Materials: Champleve enamel and sterling silver
Dimensions: 1.8in H x 1.4in W x 0.08in D
This pin is hand fabricated and then cast in sterling silver. The enamel is inlaid and fired several times in a kiln, building up multiple fine layers to achieve a rich coloration. After firing is complete, the enamel is ground off of the exposed silver surfaces. The sterling is oxidized, steel brushed and rubbed with pumice and the enamel is etched to a matte finish.
Berne, NY. USA
My jewelry is inspired by the natural world. I am fascinated by cliffs revealing layers of sedimentary rock. I believe that the images that I see on my daily walks, give me a vocabulary. I often stop to sketch, or pick up a stone or a piece of bark. These small objects sit on my drawing table for weeks, sometimes years. When I sit down to design new pieces I look to them for inspiration, and try to convey something of what I see in them to others. I am also drawn to architectural symbols such as windows or doors.
The creation of art begins for me as a journey into a intuitive and playful part of myself. I strive to remain open to the creative process and let the pieces that I make come through me. To some degree I will influence this creation with the experience I have as a designer and perhaps more importantly through my experiences of being alive. My sketches are loose, fluid, fast, using drafting and colored pencils. Often these sketches also sit unused for many weeks until I am ready to hone the designs to working drawings.
It is the second phase of the process where I look for the beautiful line, and the design elements that I find interesting. My work is often described as painterly. I don't feel that I am a jewelry designer more than I am an artist working on a very small scale with materials I fell in love with at age nineteen.
I saw my first enamels at a local craft fair some 26 years ago and was inspired to purchase a kiln and sign up for a class. My quest for knowledge took me to Buffalo to study with renowned enamelist Bill Helwig, and on to an apprenticeship with Philadelphia jeweler Barbara Mail.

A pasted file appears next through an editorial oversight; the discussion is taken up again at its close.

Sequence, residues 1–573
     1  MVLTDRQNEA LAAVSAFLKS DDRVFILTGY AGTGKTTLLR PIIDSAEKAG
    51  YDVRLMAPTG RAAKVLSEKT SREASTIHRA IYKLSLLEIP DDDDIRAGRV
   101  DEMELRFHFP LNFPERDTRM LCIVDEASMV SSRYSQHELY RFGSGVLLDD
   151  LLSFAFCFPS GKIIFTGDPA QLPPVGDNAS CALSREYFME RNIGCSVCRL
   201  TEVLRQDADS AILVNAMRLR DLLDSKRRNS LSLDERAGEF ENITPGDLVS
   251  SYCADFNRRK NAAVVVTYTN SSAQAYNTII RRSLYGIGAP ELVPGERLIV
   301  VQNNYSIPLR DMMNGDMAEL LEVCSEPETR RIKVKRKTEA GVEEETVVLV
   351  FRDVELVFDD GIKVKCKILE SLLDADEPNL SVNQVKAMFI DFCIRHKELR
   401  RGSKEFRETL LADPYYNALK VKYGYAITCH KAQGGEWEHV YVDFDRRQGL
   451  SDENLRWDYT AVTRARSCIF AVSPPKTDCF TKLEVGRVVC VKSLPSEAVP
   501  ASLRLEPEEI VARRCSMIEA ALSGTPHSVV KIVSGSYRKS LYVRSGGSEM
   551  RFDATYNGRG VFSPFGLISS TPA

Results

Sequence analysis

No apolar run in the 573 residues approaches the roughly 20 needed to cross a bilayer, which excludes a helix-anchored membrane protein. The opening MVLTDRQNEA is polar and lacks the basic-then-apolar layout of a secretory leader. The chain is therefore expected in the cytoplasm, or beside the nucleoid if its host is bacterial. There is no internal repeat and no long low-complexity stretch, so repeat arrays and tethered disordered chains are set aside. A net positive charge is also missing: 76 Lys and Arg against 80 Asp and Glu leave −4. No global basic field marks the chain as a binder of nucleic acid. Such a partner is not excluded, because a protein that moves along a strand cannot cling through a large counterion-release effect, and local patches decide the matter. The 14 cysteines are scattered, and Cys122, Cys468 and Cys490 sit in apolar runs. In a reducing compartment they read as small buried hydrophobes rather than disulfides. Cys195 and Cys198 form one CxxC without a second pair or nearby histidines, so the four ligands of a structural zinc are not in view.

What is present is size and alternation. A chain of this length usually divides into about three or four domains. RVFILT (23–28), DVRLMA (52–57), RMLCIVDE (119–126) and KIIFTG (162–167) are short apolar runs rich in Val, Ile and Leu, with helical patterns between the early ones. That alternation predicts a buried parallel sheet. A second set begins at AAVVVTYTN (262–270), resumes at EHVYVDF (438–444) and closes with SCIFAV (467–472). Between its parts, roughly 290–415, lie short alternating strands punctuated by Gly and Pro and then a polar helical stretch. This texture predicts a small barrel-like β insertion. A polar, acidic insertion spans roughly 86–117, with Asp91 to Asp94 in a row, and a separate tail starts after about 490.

I attended Empire State College, a university without walls program associated with the State University of New York System. Through this program I was able to concentrate in the study of my chosen media of enameling, and earned a BPA ( the equivalent of a BFA) degree in 1978. I continued my study at the Penland School of Crafts in North Carolina where I was a scholarship student from 1980-84. Carly Wright lives in upstate New York with her husband and two children.
The exhibition explores metal works whose primary theme is color embraced as their primary visual focus, whether that be using colored materials, exploring creating colored surfaces, or encasing the object in color.
As the world's largest jewelry related internet site, Ganoksin strives to develop exhibitions showcasing work from around the world. This exhibition was open to all metalsmiths, professional and amateur, advanced and beginner.
In total 303 artists contributed 814 show pieces for the permanent online exhibition.
The exhibition was curated by Beth Wicker, President of the North Carolina Society of Goldsmiths in the United States, and Adjunct Instructor at Northeastern Technical College in South Carolina. Director of the exhibition is Hanuman Aspler, founder of The Ganoksin Project, the world's largest internet jewelry site.
Hue is one of the primary properties of color, it refers to the place the color occupies on the visual spectrum. Humans have used hues throughout time, to create cave paintings, to decorate themselves, their clothing and their housing.
Different hues have taken on different meanings throughout time. Gold traditionally has been a color of purity - the metal gold is relatively unchangeable, and the hue of gold has come to stand for gods and goddesses, for royalty, for durability and for purity. Red has often meant love, or passion. Hues often reflect the meaning of the seasons, with pastels referring to spring and the burst of new life after the pale hues of winter. Summer is reflected in vibrant, deep hues, followed by the browning of hues in the fall as plants go to seed and die, and the land turns fallow.
The worth of a hue has often been tied to what is necessary to make the pigment that creates the hue, and the expensive involved in the process. Often created from crushed stones that had to be mined and carried by caravan over thousands of miles, or from fermented roots of plants only grown in certain areas, or the carapaces of rare insects - the creation of hue in a way that could be used by man was an involved and generally expensive process.
In today's world metalsmiths have access to perhaps the widest range of materials and hues in the history of man - and in some of the most affordable ways ever.
This exhibition celebrates hue - color - as an integral, inherent element of the work. We talk of the "richness" of color, and examples of this abound here. One expects hues from the colors of gemstones used in metalsmithing, but we also have hues from some less expected places. Glass enamels are an ancient way of adding color, as are a variety of patinas. Today's artists also use synthetic man-made materials to add color in ways that didn't exist a century ago.
We invite you to enjoy this celebration of hue, and the ways hues and their use have changed over time.